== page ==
Also people should also consider that we are housewives turned baker. We have a family and their responsibilities to take care of. We have our kids to look after, kids and family members to be fed. It would be appreciative if the order is placed well in advance rather than in the eleventh hour. It actually gives us time to be more creative and give the special touch to such orders. Even though we love baking and it’s our passion but we invest our time, energy and also money so it would be awesome if someone respect that.

  • How can one contact you for the same?

One can contact me either by giving me a call on my mobile at 9320128433 or whatsapp me at same number or by emailing me at or by dropping a message on my fb page



Here is one of my article that was posted on THE BOOK CLUB dot com.

We have been talking about women’s independence and liberation. But are we doing that to our body? How much time do we spend in knowing own body. To be frank, hardly. Unless something terrible starts haunting us we take it easy. Our body too does the talking every time if only we have ears to lend. If at initial stage we could read and understand the sign our body is giving us it is half the battle won already.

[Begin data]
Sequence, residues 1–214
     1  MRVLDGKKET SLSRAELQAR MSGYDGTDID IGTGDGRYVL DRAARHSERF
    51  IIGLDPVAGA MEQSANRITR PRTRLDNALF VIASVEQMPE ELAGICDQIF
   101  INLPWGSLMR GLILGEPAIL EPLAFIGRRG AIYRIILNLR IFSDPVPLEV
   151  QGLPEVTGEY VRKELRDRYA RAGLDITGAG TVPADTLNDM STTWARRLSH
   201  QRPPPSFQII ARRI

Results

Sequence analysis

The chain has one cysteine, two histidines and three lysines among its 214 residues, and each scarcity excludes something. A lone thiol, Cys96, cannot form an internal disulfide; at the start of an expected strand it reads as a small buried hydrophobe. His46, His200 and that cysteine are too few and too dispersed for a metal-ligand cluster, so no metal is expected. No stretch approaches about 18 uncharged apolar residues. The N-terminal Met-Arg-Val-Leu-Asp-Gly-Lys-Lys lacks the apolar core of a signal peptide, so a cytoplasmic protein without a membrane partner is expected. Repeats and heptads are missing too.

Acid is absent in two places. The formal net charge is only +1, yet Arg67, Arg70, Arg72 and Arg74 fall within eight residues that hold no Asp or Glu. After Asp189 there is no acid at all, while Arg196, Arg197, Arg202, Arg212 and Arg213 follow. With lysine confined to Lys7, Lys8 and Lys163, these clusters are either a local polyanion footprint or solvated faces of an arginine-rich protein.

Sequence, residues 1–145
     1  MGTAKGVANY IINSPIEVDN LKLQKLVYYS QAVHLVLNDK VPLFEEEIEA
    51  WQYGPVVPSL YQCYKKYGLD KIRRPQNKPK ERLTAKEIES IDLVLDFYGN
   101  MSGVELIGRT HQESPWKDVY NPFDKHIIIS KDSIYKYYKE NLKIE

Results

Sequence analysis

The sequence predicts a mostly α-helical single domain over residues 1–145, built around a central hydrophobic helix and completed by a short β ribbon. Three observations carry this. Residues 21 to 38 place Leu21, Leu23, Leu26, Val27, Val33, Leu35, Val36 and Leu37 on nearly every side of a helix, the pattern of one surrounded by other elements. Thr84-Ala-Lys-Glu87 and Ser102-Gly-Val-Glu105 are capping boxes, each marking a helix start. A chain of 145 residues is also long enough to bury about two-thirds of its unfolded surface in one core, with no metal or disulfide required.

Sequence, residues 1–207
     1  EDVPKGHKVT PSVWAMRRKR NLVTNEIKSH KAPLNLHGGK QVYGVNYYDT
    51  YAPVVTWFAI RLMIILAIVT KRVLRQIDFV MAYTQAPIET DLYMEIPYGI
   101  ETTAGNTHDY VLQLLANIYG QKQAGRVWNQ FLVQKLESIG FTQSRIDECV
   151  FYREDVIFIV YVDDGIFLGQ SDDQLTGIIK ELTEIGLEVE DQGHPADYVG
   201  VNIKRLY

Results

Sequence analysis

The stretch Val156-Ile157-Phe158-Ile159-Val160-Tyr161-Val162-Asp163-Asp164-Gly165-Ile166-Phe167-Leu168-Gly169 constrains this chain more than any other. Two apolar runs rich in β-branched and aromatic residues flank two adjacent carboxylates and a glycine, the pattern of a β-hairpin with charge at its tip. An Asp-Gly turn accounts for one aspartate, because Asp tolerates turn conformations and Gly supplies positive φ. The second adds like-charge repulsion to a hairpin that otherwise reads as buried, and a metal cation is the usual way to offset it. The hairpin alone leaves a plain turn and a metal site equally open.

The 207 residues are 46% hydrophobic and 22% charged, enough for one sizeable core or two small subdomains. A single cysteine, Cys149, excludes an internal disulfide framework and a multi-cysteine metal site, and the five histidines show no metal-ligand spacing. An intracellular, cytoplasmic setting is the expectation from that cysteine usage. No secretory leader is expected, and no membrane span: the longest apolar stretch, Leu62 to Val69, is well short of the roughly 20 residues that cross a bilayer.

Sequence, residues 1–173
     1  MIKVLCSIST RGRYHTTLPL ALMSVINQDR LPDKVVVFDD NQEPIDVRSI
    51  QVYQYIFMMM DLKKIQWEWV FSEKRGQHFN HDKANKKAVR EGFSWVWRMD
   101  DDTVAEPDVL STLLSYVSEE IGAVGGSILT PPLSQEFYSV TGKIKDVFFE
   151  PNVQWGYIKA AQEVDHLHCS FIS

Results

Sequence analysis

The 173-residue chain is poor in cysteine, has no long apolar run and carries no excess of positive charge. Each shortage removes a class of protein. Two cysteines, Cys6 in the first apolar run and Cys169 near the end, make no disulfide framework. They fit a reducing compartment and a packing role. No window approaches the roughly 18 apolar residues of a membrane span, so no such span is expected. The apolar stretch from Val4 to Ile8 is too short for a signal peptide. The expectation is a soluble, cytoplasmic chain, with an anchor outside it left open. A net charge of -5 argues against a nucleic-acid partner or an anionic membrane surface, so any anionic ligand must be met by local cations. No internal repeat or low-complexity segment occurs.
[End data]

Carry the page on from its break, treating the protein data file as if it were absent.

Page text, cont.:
When I talk of body freedom I mean no bra. It might sound funny, but then 13 Oct is celebrated as National No Bra Day under Breast Cancer Awareness Program all over the world. A woman’s biggestbeauty asset is always kept well guarded by the biggest brands of lingerie companies. Every woman dreams of finest brand that she can afford on her wedding day. She wants to look sensuous and tempting on her big day. And there is no doubt in that. Read more

Misry watched her mother admiringly. The young woman looked so fresh and beautiful after the bath. The little girl was standing beside the dressing table as Madhavi wiped her wet hair with the towel.

“Misry, What are you looking at Sona?” Madhavi asked.

“Ma, you have such a long hair. When will my hair grow long?” MIsry replied looking at her piggy tail in the mirror.

“You got to take care of it sweetheart. Brush, put oil and keep them clean. Then you will see you have long hairs just like me.” Madhavi replied.

“But it hurts when I brush, Ma.” Misry complained.

“Hmm I know. But you got to take pain for gains dear.” Madhavi advised.

Misry nodded.